Ian C. Esslemont's Deadhouse Landing is a sequel to Dancer's Lament, which was the first novel of the Path to Ascendancy series. It's an impressive and welcome addition to the Malazan World novels, because it continues to reveal more information about the history of the world of Malaz.

Before I delve into reviewing this novel, I feel obligated to mention this: What Steven Erikson and Ian C. Esslemont have created together is magnificent, because their fantasy world is stunningly complex, detailed and large, and each new novel has brought more depth to it. It's incredible how well they share the world, because their novels compliment each other. I'm fully aware that this is saying a lot, but I personally think that Erikson and Esslemont's creation is perhaps the most complex and most detailed fantasy world since J.R.R. Tolkien's Middle-earth, because it's something unique.

Because I've been a fan of the Malazan World novels ever since I read Steven Eriksons' Gardens of the Moon a few years ago, I'm glad I had an opportunity to read Deadhouse Landing. I was very impressed it, because it's an entertaining and well-constructed fantasy novel with style and substance.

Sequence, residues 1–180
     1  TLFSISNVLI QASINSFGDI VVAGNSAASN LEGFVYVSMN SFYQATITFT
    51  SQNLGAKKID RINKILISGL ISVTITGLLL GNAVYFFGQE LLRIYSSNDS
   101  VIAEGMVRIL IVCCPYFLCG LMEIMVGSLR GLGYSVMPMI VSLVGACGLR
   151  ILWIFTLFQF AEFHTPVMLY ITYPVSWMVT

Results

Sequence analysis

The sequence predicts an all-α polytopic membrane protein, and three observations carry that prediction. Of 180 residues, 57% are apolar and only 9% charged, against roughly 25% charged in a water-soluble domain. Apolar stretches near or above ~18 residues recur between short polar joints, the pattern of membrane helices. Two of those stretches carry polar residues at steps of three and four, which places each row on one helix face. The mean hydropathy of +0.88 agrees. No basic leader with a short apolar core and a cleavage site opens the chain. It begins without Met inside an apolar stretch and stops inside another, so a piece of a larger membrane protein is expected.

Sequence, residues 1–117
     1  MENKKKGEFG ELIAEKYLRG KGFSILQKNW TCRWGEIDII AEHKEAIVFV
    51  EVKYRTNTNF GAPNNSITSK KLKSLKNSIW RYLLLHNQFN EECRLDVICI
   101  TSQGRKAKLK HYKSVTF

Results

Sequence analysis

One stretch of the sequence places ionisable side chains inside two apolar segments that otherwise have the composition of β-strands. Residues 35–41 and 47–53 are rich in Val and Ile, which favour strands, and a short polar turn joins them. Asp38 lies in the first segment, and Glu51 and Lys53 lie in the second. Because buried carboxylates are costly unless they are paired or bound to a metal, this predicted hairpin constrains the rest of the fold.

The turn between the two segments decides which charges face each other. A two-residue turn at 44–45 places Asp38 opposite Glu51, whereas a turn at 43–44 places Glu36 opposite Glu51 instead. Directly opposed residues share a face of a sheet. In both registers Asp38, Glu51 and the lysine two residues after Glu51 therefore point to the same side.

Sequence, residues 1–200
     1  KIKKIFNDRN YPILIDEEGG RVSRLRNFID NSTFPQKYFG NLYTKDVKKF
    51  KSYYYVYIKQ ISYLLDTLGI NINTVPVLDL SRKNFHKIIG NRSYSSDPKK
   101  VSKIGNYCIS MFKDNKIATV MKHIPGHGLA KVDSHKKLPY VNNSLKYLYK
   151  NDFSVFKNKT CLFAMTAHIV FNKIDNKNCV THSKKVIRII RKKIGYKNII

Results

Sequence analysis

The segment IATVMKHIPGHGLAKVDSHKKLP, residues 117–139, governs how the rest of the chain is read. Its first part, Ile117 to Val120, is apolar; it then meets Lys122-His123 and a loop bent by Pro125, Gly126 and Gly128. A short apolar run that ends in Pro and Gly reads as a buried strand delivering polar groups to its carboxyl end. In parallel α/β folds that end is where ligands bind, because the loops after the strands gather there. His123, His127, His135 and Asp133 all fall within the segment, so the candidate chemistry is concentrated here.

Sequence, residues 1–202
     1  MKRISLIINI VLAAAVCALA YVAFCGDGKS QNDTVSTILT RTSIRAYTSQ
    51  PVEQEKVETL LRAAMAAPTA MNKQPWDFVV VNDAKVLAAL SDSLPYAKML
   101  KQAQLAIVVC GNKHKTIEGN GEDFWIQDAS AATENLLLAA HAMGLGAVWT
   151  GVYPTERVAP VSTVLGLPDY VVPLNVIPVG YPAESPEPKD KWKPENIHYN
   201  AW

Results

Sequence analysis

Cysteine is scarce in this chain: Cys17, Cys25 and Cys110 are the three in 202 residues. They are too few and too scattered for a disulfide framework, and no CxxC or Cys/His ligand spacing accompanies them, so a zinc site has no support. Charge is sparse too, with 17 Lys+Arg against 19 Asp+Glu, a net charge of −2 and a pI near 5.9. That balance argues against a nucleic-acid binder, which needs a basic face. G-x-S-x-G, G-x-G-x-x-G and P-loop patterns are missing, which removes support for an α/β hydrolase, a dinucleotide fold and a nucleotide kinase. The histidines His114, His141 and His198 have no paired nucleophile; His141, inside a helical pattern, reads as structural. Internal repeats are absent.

I consider Deadhouse Landing to be a prime example of a sophisticatedly complex epic fantasy novel for adult readers. It has all the trademarks of a good fantasy novel and then some, because it offers action, humour, magic, politics and philosophy in a highly enjoyable format.

The events are mostly set on the island of Malaz and take place before Steven Erikson's The Malazan Book of the Fallen and Ian C. Esslemont's The Malazan Empire.

Here's a bit of information about how the story begins: